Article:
- Setting Up Oracle Access Manager or the SSO product to your requirements. Oracle Access Manager supports lots of variations for SSO including Single Network Domain SSO, Multiple Network Domains, Application SSO, etc. This is all outlined in Introduction to Single Sign-On with Access Manager.
- Setting up Oracle WebLogic with Oracle Access Manager (this allows Oracle WebLogic to get the credentials from Oracle Access Manager). This is outined in Configuring Single Sign-On with Oracle Access Manager 11g.
- Set the login preferences within OUAF to CLIENT-CERT to indicate the login is passed from somewhere else. This turns off our login screen
Again, as you can see the majority of the work is in Oracle WebLogic and Oracle Access Manager.
Information about implementing Single Sign-On withour products (both styles) is contained in
- Single Sign On Integration for Oracle Utilities Application Framework based products (Doc Id: 799912.1) available from My Oracle Support.
- Oracle Identity Management Suite Integration with Oracle Utilities Application Framework based products (Doc Id: 1375600.1) available from My Oracle Support.
While the first style is lower cost typically, it is restricted to specific platforms that support Kerberos and SPNEGO. It is restricted also in flexibility, it passes the credentials from the client all the way to the server so they must match. Oracle Access Manager on the other hand is far more flexible supporting a wide range of architectures as well as including Access Control features, password control and user tracking features within WebGate. These features allow additional features to be implemented:
- Access Control - This allows for additional security rules to be implemented. For example, turning off part of a product during time periods. I have heard of customers using Oracle Access Manager to stop online payments from being accessible after business hours from a call center, due to customer specific payment processes being implemented. This augments the inbuilt security model available from Oracle Utilities Application Framework.
- User Tracking - Oracle Utilities Application Framework is stateless, therefore you can only see active users when they are actively running transactions, not when they are idle. WebGate has information about idle users as well as active users allowing for enhanced user tracking.
Whatever the style you choose to adopt, we have a flexible set of solutions to implement SSO. The only common element and the only step Oracle Utilities Application Framework is to change the J2EE login preference from the default FORM based to CLIENT-CERT.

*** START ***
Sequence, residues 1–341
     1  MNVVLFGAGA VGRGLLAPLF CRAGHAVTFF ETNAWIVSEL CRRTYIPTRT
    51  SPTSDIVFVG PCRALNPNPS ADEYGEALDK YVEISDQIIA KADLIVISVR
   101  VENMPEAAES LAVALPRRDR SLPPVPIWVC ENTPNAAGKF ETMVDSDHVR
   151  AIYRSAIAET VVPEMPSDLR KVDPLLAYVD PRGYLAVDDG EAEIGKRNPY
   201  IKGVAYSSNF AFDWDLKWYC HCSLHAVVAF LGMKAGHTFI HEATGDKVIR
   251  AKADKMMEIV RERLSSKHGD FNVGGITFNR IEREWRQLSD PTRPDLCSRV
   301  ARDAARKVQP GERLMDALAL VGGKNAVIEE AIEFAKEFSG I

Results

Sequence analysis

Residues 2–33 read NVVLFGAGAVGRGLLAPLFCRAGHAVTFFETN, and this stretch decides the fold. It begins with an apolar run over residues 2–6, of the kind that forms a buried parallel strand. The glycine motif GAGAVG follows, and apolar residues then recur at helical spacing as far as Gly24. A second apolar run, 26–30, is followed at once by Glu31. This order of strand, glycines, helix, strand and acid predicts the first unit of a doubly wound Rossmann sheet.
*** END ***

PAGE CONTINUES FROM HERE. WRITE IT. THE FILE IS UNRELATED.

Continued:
As part if the new data management capabilities of Oracle Utilities Application Framework V188.8.131.52.0, two new columns have been added to products to be managed by this capability.
- ILM Date (ILM_DT) - This is a field populated with the system date at record creation time. This sets the starting date (plus the retention period) where the ILM solution will evaluate the eligibility of the record for archiving by the ILM Crawler. This date is set by the Maintenance Object at object creation time but like ANY other column in the object can be altered by algorithms, batch processes etc. Manipulating the date can delay (or speed up) ILM activities on a particular object. For example, it is possible to set this date in an appropriate algorithm (set by your business practices) to manipulate when a particular object is to be considered for ILM consideration.
- ILM Archive Flag (ILM_ARCH_FLG) - This is a flag, set to N by default, that determines whether the record is eligible for archiving (removal) or any other ILM activities. This column is maintained by the ILM Crawler assigned to the object, which will assess the rules for eligibility after the ILM_DT has passed. If the record is deemed eligible for archiving then the value will be set to Y to indicate that other ILM activities can be safely performed on this object.
The ILM Crawlers uses these columns and the associated ILM Eligibility algorithm n the Maintenance Object to determine the eligibility of the objects. These values are managed for you automatically. If the basic setup is not sufficient for your data retention needs the ILM Eligibility algorithm can be altered to suit your needs or other algorithms can be extended to help you set these values.
As part of Oracle Utilities Application Framework 184.108.40.206.0 and Oracle Utilities Customer Care And Billing 220.127.116.11.0, a new Archiving/Data Management engine based around the Information Lifecycle Management (ILM) capabilities within the Oracle Database (with options).
The first part of the solution is actually built into the Oracle Utilities Application Framework to define the business definition of active transaction data. Active transaction data is transactional data that is regularly added, changed or deleted as part of a business process. Transaction data that is read regularly is not necessarily active from an ILM point of view. Data that read can be compressed, for example, with little impact to performance of that data.
Note: The ILM solution only applies to the objects that are transactional and that ILM has been enabled against. Refer to the DBA Guide shipped with the product for a list of objects that are shipped with each product.
To set the business definition of active transaction data is using a master configuration record for ILM. For example:
It is possible to define the data retention period, in days, for individual objects that are covered by the data management capability. These settings are set on the Maintenance Object Options shipped with the ILM solution. For example:
Essentially the configuration allows for the following:
- A global retention period can be defined, in days. Objects that are covered by ILM can inherit this setting if you do not want to manage at the Maintenance Object level.